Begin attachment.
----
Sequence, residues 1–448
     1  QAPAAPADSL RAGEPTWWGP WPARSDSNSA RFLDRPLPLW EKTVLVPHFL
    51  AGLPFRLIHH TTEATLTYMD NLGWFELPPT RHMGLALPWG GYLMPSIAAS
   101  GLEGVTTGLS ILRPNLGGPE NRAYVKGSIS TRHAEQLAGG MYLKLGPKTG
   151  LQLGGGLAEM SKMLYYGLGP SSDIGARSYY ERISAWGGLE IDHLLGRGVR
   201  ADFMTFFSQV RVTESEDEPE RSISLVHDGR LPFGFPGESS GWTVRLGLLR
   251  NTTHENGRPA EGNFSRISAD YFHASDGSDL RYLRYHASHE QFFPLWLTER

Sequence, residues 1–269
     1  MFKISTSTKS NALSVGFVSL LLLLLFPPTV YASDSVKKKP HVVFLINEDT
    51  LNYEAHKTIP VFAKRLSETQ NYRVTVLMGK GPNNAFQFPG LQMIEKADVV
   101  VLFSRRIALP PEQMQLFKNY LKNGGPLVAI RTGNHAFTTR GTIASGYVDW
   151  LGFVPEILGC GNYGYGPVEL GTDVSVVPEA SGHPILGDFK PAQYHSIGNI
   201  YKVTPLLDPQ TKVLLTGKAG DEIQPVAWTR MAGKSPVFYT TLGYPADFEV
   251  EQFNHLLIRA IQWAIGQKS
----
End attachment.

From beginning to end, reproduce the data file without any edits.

Sequence, residues 1–448
     1  QAPAAPADSL RAGEPTWWGP WPARSDSNSA RFLDRPLPLW EKTVLVPHFL
    51  AGLPFRLIHH TTEATLTYMD NLGWFELPPT RHMGLALPWG GYLMPSIAAS
   101  GLEGVTTGLS ILRPNLGGPE NRAYVKGSIS TRHAEQLAGG MYLKLGPKTG
   151  LQLGGGLAEM SKMLYYGLGP SSDIGARSYY ERISAWGGLE IDHLLGRGVR
   201  ADFMTFFSQV RVTESEDEPE RSISLVHDGR LPFGFPGESS GWTVRLGLLR
   251  NTTHENGRPA EGNFSRISAD YFHASDGSDL RYLRYHASHE QFFPLWLTER

Sequence, residues 1–269
     1  MFKISTSTKS NALSVGFVSL LLLLLFPPTV YASDSVKKKP HVVFLINEDT
    51  LNYEAHKTIP VFAKRLSETQ NYRVTVLMGK GPNNAFQFPG LQMIEKADVV
   101  VLFSRRIALP PEQMQLFKNY LKNGGPLVAI RTGNHAFTTR GTIASGYVDW
   151  LGFVPEILGC GNYGYGPVEL GTDVSVVPEA SGHPILGDFK PAQYHSIGNI
   201  YKVTPLLDPQ TKVLLTGKAG DEIQPVAWTR MAGKSPVFYT TLGYPADFEV
   251  EQFNHLLIRA IQWAIGQKS